Fascist Mythologies: The History and Politics of Unreason in Borges, Freud, and Schmitt (Paperback)
For fascism, myth was reality-or was realer than the real. Fascist notions of the leader, the nation, power, and violence were steeped in mythic imagery and the fantasy of transcending history. A mythologized primordial past would inspire the heroic overthrow of a debased present to achieve a violently redeemed future. What is distinctive about fascist mythology, and how does this aspect of fascism help explain its perils in the past and present?
Federico Finchelstein draws on a striking combination of thinkers-Jorge Luis Borges, Sigmund Freud, and Carl Schmitt-to consider fascism as a form of political mythmaking. He shows that Borges's literary and critical work and Freud's psychoanalytic writing both emphasize the mythical and unconscious dimensions of fascist politics. Finchelstein considers their ideas of the self, violence, and the sacred as well as the relationship between the victims of fascist violence and the ideological myths of its perpetrators. He draws on Freud and Borges to analyze the work of a variety of Latin American and European fascist intellectuals, with particular attention to Schmitt's political theology. Contrasting their approaches to the logic of unreason, Finchelstein probes the limits of the dichotomy between myth and reason and shows the centrality of this opposition to understanding the ideology of fascism.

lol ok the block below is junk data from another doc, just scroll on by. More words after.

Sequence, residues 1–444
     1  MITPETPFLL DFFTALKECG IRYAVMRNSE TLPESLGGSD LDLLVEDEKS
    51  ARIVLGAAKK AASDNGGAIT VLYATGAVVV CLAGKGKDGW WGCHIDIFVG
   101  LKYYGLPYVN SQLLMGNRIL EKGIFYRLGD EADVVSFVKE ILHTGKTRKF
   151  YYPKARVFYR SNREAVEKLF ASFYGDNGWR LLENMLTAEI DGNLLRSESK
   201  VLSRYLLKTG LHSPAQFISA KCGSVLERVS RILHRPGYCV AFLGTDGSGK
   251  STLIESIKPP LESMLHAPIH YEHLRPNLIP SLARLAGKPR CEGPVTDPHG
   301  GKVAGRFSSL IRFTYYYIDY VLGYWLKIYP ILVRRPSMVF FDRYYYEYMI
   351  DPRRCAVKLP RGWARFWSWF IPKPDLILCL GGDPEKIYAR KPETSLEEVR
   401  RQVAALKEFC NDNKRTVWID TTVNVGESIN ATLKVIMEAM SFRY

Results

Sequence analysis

At a moment when forces redolent of fascism cast a shadow over world affairs, this book provides a timely historical and critical analysis of the dangers of myth in modern politics.